This post is from The Adverts 250 Project which is conducted by Carl Robert Keyes, professor of history at Assumption University in Worcester, Massachusetts. Students from Colonial America, Revolutionary America, Research Methods, & Public History courses at Assumption University serve as guest curators for the Adverts 250 Project.
“She has employ’d a young woman lately arrived from London.”
When she decided to “decline Business for the present,” shopkeeper and milliner Elizabeth Colvil announced the eighteenth-century equivalent of a going-out-of-business sale. She “resolved to dispose of all her shop goods by wholesale and retail, at prime cost, for ready money only; the sale to continue till all are sold.” Colvil was liquidating her merchandise, enticing prospective customers with low prices in order to move the process along as quickly as possible.
In and of itself, that sort of promotion distinguished Colvil’s advertisement from many others of the period, but it was not the only aspect of her announcement that set it apart. After listing much of her remaining merchandise and promising “sundry other goods too tedious to mention,” Colvil indicated that she had hired an assistant, a young woman who had recently arrived from London. Her assistant, “who understands the millinary business, in all its branches,” would stay on until Colvil closed shop. At that time, she would pursue the business on her own “in the most extensive manner.” Although Colvil was not selling her shop to her assistant, she was setting her up as her successor.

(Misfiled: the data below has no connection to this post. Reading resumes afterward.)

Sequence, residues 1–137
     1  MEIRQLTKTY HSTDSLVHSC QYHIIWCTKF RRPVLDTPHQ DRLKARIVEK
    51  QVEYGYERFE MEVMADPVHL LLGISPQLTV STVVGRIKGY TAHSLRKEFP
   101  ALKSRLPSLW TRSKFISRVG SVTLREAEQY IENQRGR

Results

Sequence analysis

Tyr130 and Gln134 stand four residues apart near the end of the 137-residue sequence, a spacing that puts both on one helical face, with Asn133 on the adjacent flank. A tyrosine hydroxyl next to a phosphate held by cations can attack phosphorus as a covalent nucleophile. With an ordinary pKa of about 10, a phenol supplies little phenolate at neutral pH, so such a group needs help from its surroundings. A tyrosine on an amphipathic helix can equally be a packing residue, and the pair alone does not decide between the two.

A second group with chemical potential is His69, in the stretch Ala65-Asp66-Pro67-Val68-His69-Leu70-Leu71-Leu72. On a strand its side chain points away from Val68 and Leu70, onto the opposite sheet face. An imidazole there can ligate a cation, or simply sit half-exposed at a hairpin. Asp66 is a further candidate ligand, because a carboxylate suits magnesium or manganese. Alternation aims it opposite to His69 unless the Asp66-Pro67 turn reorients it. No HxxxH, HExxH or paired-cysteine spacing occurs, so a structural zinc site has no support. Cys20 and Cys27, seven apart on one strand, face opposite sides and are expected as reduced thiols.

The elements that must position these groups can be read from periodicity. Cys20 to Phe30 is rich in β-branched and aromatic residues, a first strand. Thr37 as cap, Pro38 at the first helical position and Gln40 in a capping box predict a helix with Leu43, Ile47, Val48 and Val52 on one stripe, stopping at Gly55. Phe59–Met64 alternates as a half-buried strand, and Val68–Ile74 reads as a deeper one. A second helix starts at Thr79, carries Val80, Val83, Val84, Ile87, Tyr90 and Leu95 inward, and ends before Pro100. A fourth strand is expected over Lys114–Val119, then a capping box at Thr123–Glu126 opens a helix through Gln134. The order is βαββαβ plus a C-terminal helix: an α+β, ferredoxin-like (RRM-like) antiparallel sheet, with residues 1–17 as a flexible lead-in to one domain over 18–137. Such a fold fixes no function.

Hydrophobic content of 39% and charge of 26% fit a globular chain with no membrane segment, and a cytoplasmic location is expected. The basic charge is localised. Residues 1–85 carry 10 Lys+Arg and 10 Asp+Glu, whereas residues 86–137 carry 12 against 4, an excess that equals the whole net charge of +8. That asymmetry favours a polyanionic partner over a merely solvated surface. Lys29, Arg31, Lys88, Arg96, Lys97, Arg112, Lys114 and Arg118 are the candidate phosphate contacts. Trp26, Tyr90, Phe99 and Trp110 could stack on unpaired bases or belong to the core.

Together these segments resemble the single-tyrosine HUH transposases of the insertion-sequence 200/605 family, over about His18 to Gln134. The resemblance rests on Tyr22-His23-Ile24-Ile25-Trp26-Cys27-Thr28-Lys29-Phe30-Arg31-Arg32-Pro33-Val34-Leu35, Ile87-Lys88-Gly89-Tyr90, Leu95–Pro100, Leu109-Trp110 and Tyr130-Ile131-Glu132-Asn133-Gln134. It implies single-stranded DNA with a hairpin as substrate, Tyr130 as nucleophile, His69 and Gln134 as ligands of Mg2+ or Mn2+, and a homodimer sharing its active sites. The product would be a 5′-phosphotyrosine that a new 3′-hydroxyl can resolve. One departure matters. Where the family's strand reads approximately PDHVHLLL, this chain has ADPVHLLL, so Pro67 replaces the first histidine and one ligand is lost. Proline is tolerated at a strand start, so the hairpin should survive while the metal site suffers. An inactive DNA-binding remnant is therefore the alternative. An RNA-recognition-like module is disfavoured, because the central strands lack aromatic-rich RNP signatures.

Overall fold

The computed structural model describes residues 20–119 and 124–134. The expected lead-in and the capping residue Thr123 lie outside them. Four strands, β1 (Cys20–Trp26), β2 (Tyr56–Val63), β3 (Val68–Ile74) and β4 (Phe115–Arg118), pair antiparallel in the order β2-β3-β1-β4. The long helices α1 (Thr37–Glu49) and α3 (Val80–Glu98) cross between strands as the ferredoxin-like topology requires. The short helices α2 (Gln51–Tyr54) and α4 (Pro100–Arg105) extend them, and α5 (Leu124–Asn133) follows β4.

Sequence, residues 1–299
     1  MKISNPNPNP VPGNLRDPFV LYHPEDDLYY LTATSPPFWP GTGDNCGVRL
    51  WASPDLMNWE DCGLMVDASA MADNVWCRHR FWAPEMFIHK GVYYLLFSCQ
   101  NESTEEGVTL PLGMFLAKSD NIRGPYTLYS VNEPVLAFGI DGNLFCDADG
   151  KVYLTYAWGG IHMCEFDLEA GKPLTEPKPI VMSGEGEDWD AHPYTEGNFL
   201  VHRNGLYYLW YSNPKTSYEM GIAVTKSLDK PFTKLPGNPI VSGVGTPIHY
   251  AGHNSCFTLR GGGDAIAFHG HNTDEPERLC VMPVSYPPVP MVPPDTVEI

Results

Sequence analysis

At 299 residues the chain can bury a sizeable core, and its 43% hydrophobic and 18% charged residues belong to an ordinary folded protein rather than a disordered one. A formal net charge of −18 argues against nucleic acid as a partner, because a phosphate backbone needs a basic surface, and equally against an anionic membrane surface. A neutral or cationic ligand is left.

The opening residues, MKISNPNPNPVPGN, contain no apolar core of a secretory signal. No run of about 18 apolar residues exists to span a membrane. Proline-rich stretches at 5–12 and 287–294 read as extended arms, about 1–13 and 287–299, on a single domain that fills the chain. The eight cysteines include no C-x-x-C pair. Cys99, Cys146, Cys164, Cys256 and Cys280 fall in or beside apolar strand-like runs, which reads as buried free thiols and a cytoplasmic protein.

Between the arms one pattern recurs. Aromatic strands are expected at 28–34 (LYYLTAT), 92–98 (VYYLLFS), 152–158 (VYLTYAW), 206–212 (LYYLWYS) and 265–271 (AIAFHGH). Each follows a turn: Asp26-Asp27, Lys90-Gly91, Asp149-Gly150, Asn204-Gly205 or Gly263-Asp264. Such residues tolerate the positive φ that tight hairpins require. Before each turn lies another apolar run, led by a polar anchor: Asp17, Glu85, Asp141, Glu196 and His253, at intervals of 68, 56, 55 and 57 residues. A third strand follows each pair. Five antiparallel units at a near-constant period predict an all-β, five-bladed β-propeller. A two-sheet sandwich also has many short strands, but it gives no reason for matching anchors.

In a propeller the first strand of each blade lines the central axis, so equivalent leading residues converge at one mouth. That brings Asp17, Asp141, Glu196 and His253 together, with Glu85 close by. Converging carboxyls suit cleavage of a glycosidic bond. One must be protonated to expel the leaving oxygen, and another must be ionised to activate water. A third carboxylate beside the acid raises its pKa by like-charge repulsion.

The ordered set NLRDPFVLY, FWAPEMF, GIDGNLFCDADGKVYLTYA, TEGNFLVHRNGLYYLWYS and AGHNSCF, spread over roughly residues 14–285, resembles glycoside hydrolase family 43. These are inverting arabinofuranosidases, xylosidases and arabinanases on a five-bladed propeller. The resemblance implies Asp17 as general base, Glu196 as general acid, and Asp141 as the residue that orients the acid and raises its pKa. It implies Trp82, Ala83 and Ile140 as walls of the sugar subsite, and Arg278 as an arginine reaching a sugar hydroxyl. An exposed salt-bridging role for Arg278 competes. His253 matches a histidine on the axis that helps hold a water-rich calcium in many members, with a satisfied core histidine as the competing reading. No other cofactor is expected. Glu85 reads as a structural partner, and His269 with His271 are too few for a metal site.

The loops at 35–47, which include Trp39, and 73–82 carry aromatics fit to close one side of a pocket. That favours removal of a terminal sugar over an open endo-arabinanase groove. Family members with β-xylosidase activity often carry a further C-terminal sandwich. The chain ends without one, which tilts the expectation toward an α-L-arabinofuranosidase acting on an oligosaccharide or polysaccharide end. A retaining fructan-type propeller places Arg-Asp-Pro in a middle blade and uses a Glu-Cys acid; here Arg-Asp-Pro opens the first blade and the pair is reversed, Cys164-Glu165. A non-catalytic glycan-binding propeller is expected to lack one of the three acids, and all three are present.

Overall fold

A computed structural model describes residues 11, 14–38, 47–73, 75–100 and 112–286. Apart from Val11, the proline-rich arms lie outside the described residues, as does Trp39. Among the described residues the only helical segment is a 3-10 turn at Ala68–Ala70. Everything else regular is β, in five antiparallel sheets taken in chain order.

To that end, Colvil made an appeal to current and prospective customers: “those ladies that shall please to favour her [the young woman recently arrived from London] with their custom, may rely on being served on the best terms, and their work done in the neatest and most fashionable manner.” Colvil voiced a strong endorsement of her assistant, directing the women of New York to patronize her assistant’s shop once Colvil had departed the marketplace.
This differs significantly from most eighteenth-century advertisements in which male merchants, shopkeepers, and artisans indicated the amiable end of a partnership or the transfer of a business from one man to another. In such cases they used advertisements to announce a change in status but did not incorporate an extensive endorsement of the new business or its proprietor.
Elizabeth Colvil probably knew a thing or two about the particular difficulties of being a woman and operating a business in eighteenth-century America. As a result, she attempted to assist her assistant in launching her own shop, recognizing that a young woman, especially one new to the city and unknown to most of its residents, would benefit from establishing a good reputation as quickly as possible. Colvil’s endorsement in her advertisement was the first step. The assistant working with customers was the second. She could build up a clientele, drawing on Colvil’s network of patrons, while the senior shopkeeper and milliner was still active in the business. In this advertisements, Elizabeth Colvil advocated on behalf of a fellow female entrepreneur.